PARIS -- Store mannequins are meant to catch your eye. Soon, you may catch theirs.
Fashion brands are deploying mannequins equipped with the same technology used to identify airport terrorists to watch over shoppers in their stores. Retailers are introducing the EyeSee, sold by Italian mannequin maker Almax SpA, to glean data on customers much as online merchants are able to do.
Five companies are using a total of "a few dozen" mannequins, with orders for at least that many more, Almax chief executive officer Max Catanese said. The 4,000-euro ($5,130) device has spurred shops to adjust window displays, store layouts and promotions to keep consumers walking in the door and spending.
"It's spooky," said Luca Solca, head of luxury goods research at Exane BNP Paribas in London. "You wouldn't expect a mannequin to be observing you."
The EyeSee looks ordinary enough on the outside, with its slender polystyrene frame, blank face and improbable pose. Inside, it's no dummy. A camera embedded in one eye feeds data into facial-recognition software much like that used by law enforcement authorities. It logs the age, gender and race of passers-by.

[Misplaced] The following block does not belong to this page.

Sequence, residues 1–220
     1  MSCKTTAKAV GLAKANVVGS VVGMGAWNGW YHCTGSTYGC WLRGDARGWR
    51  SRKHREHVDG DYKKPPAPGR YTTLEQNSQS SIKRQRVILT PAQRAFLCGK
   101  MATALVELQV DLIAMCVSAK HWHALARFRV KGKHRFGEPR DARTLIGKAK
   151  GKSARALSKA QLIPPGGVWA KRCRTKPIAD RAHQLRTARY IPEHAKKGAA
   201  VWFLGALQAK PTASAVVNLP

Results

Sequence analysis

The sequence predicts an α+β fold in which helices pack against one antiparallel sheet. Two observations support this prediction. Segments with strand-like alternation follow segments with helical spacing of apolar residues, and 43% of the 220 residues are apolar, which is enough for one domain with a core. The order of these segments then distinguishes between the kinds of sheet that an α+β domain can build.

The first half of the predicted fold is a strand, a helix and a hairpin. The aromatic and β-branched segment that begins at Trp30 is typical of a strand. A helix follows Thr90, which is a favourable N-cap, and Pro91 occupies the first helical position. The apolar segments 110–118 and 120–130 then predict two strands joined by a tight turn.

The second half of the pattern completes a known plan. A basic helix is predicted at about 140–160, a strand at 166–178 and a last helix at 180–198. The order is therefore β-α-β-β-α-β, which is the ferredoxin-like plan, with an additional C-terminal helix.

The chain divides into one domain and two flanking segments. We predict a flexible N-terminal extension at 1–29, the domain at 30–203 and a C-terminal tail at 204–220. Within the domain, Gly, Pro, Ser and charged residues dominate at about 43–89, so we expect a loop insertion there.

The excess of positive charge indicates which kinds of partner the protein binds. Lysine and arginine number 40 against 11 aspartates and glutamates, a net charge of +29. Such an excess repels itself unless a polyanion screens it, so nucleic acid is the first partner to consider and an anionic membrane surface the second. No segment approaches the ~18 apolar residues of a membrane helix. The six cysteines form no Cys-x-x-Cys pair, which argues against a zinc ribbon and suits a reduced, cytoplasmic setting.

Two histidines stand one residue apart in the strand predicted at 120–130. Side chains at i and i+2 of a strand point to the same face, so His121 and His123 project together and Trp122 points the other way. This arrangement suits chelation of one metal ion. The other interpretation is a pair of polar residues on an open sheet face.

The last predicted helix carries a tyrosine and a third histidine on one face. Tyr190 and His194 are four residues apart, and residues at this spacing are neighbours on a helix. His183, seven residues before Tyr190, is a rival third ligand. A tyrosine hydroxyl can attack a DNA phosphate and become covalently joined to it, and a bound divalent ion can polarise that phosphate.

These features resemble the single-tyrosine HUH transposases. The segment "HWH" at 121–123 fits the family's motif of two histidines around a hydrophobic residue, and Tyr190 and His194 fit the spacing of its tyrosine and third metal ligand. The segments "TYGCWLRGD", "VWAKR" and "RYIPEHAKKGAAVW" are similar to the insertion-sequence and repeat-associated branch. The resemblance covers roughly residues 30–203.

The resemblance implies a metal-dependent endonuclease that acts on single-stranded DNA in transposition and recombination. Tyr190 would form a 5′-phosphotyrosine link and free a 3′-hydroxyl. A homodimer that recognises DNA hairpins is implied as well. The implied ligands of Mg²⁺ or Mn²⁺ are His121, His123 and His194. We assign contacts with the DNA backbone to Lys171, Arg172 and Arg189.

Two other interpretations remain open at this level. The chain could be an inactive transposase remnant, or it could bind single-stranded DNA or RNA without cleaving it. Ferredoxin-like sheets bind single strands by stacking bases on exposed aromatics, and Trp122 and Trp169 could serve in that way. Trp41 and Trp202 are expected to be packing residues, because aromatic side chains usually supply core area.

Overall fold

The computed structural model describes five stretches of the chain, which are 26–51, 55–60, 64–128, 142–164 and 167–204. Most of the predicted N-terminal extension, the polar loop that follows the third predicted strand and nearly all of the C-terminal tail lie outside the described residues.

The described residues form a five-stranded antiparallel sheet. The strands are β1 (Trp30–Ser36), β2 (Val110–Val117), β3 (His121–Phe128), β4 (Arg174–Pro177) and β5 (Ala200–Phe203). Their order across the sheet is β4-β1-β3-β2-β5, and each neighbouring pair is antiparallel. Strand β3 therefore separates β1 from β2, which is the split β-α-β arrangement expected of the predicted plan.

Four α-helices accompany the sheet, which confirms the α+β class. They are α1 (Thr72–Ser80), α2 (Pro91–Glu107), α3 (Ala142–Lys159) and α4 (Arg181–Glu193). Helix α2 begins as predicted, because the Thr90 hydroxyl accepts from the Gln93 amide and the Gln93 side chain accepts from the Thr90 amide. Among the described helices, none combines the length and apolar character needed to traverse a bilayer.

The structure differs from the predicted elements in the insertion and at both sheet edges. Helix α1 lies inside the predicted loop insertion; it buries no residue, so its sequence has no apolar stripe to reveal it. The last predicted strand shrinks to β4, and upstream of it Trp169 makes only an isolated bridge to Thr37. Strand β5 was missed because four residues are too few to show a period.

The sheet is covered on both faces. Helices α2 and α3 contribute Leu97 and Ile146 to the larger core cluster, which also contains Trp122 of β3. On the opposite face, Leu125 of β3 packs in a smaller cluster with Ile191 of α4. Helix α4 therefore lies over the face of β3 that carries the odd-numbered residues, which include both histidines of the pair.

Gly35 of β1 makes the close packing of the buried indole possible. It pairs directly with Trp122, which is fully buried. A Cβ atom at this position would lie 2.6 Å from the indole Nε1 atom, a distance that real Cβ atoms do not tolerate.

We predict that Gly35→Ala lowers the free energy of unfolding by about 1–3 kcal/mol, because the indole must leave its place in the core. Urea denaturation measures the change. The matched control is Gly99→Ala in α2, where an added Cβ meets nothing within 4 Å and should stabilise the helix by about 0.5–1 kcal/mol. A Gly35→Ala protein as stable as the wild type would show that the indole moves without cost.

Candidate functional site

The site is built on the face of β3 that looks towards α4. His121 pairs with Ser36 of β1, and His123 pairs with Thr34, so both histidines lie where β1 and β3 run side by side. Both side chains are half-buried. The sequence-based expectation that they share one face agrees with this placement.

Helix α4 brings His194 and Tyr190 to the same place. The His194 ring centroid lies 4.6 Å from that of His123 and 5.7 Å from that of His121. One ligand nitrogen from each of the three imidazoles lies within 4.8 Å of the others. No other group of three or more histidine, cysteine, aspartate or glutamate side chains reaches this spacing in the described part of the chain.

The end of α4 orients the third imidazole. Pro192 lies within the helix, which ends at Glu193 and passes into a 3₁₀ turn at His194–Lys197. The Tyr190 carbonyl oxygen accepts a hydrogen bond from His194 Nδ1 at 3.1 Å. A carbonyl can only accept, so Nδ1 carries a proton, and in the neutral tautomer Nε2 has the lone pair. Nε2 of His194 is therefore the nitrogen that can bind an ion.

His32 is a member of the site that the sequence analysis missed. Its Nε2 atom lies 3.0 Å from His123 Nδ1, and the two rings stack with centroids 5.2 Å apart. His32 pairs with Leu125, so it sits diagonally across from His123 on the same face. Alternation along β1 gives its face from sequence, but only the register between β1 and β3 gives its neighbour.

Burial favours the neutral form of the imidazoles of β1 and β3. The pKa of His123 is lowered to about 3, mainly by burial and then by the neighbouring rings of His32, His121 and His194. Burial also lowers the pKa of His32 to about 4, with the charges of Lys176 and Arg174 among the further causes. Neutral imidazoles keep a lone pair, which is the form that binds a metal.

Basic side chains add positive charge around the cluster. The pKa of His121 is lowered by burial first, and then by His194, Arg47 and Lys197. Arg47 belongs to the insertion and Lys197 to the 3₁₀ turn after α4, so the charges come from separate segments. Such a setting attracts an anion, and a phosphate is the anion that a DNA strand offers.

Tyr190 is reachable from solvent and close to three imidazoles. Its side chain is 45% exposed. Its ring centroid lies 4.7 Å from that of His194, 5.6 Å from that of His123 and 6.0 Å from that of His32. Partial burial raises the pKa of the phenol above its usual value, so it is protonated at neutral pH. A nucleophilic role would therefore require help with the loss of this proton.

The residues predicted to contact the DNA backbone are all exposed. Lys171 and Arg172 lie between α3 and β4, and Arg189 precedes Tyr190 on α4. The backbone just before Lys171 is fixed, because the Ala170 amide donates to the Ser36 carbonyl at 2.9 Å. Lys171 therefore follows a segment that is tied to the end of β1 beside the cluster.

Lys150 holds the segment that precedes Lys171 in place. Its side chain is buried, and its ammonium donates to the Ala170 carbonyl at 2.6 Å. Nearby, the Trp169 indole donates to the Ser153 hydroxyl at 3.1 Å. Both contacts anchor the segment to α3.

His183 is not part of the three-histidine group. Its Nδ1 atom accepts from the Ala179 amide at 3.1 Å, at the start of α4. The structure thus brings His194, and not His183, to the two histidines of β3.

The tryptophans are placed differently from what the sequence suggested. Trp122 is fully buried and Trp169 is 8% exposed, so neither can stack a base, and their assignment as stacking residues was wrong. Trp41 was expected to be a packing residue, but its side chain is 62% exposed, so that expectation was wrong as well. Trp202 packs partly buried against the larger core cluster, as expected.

Demand for the device shows how retailers are turning to technology to help personalize their offers as growth slows in the $245 billion luxury goods industry. Bain & Co. predicts that the luxury market will expand 5 percent in 2012, less than half of last year's rate.
"Any software that can help profile people while keeping their identities anonymous is fantastic," said Uche Okonkwo, executive director of consultant Luxe Corp. It "could really enhance the shopping experience, the product assortment, and help brands better understand their customers."
While some stores deploy similar technology to watch shoppers from overhead security cameras, the EyeSee provides better data because it stands at eye level and invites customer attention, Almax contends.
The mannequin, which went on sale last December and is now being used in three European countries and the United States, has led one outlet to adjust its window displays after revealing that men who shopped in the first two days of a sale spent more than women, according to Almax.
A clothier introduced a children's line after the dummy showed that kids made up more than half of its mid-afternoon traffic, the company says. Another store found that a third of visitors using one of its doors after 4 p.m. were Asian, prompting it to place Chinese-speaking staff by that entrance.nation